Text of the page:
ARQ title screen
Courtesy: Netflix

I confess that I’m a sucker for ‘Groundhog Day’-like movies and series episodes.  It’s been tackled by a lot of different creators including classics like ‘Xena: Warrior Princess‘ and Star Trek: Voyager, more recent shows like Lost Girl, and movies like ‘Edge of Tomorrow‘ and Netflix’s original movie, ‘ARQ.’  There’s just something about the idea of being able to relive a day over and over and tweaking it to make it perfect that appeals to me.  Of course, there’s also the “horror” side of it where you’re trapped in an infinite loop that doesn’t seem to end.  Most media that take on this concept of an infinite time loop dabble with the despair that comes from having to relive the same conversations and bad decisions.

‘ARQ’ begins with the same trope of the Groundhog Day-esque stories – with someone waking up in bed to a “new day.”  You’ll see from the trailer (below) that soon after, the protagonist Renton, played by Robbie Amell, is assaulted and murdered by some masked home invaders, only to wake up again soon after at the same exact time as before.  He’s joined by a woman, Hannah, played by Rachael Taylor, who is lying in bed with him platonically at the beginning of each loop.  She initially thinks he’s crazy until she starts remembering the time loops too.

ARQ
Courtesy: Netflix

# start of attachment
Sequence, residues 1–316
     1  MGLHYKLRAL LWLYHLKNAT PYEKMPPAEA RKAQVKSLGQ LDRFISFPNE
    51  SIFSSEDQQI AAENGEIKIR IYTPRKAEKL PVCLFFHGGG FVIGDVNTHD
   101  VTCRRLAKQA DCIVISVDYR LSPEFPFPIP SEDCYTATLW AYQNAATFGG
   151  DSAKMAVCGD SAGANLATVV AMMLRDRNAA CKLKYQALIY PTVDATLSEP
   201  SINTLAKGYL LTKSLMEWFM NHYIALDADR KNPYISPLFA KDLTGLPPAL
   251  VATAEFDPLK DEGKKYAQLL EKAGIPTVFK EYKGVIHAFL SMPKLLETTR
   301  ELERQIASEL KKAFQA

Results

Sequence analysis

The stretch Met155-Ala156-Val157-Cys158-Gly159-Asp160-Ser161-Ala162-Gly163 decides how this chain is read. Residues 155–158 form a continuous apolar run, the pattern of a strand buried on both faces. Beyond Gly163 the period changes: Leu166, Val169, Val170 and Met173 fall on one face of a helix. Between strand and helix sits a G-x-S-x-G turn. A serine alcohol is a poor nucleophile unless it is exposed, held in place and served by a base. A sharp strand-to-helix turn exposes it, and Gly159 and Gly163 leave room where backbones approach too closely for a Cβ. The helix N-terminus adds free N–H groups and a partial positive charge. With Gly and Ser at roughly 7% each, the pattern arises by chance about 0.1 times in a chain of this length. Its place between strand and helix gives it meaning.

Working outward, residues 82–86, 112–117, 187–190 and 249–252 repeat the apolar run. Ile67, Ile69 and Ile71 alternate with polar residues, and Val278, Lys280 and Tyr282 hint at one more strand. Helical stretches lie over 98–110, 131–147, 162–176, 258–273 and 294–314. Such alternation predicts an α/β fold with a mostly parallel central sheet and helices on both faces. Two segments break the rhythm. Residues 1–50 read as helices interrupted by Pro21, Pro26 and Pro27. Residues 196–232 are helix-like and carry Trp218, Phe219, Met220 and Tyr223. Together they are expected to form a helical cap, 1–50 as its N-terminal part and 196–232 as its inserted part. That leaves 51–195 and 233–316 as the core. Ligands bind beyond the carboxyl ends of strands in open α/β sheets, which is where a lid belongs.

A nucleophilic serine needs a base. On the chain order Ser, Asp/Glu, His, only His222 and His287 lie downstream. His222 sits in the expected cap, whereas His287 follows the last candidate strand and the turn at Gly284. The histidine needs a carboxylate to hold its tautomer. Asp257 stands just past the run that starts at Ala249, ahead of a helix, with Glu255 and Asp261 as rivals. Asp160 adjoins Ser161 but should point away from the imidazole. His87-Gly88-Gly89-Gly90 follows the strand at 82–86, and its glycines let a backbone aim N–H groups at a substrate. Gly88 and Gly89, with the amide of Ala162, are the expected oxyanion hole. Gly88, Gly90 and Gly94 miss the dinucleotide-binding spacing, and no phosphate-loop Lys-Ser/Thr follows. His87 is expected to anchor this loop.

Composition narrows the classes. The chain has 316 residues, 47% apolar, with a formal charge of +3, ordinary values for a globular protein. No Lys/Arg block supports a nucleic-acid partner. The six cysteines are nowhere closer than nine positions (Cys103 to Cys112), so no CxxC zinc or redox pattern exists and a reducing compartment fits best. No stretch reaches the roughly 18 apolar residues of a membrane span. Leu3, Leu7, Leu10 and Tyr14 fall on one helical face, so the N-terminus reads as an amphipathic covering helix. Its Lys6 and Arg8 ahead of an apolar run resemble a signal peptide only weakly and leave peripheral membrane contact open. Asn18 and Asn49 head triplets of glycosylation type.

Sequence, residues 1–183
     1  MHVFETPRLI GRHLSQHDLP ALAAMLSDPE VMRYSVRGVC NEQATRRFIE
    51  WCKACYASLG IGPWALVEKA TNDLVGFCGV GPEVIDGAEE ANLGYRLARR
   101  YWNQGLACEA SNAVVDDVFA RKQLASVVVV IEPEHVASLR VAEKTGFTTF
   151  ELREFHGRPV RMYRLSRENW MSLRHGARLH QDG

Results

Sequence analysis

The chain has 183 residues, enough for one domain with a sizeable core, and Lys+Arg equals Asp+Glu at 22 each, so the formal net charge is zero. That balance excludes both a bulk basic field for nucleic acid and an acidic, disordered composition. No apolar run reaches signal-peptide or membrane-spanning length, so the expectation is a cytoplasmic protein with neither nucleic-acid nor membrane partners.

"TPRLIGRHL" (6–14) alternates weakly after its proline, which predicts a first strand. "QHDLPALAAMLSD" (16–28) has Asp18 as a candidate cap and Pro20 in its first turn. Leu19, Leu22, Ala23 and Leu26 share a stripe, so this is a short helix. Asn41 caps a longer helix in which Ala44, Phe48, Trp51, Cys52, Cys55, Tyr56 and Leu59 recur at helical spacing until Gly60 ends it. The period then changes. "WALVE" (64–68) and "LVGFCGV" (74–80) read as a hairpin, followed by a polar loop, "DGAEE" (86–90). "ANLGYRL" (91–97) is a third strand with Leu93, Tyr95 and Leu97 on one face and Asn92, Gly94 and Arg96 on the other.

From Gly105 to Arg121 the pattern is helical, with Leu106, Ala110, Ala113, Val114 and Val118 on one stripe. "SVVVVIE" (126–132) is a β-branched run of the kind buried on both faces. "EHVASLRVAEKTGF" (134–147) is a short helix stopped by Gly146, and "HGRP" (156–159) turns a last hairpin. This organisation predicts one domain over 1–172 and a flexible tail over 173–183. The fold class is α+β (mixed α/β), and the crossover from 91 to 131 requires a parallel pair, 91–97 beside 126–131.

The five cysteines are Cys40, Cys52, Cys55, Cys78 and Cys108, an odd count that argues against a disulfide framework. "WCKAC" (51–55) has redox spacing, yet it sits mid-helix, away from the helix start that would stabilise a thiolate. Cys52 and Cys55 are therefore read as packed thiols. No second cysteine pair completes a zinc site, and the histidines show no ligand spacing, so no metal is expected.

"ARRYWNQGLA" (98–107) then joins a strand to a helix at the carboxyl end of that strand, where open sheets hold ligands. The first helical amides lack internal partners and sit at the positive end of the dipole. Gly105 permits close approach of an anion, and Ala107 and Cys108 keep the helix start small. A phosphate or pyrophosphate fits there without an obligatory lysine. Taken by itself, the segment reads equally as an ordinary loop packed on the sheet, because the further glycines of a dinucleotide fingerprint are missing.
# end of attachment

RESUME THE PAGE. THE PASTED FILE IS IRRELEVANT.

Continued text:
Overall, ‘ARQ’ is obviously a low-budget movie.  The camera work is shaky, constantly moving, and jerks rapidly from shot to shot – perhaps by design but I didn’t care for it much.  The set is basically only a few rooms in Renton’s house, with nondescript furniture a high-tech-looking spinning gadget about the size of an old-timey newspaper press (the “ARQ” of the movie’s title).  Normally, this would be enough to put me off a movie; however, the story is very well done and the acting was engaging enough to keep me interested in the story.  I was pleasantly surprised to find that I enjoyed the movie from beginning to end and not at all disappointed in the ending.

One of the things I liked, in particular, was how each iteration of the repeated day had very drastic results as Renton changed his behaviors.  A lot of the Groundhog stories just have a lot of repeated silliness with a final “aha!” moment where the whole thing makes sense.  In contrast, ‘ARQ,’ actually reveals more and more of the overall story until you get to the end and it all comes together.  It’s a surprisingly good movie!  Overall, my recommendation is, yes, you should check it out on Netflix!